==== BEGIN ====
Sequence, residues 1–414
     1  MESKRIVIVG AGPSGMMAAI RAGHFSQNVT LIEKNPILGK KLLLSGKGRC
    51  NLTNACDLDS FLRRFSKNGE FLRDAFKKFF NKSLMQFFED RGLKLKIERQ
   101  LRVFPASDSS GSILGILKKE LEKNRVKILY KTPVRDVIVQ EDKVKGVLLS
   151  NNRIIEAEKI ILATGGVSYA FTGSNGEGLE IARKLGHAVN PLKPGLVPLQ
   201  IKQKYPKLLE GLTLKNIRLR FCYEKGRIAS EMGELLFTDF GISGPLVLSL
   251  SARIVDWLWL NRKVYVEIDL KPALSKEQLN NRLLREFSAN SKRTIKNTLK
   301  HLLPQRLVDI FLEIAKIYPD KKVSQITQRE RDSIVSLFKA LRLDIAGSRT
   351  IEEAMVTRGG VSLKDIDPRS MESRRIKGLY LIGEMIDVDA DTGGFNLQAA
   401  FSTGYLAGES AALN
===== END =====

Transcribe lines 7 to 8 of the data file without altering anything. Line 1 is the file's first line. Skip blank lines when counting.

   251  SARIVDWLWL NRKVYVEIDL KPALSKEQLN NRLLREFSAN SKRTIKNTLK
   301  HLLPQRLVDI FLEIAKIYPD KKVSQITQRE RDSIVSLFKA LRLDIAGSRT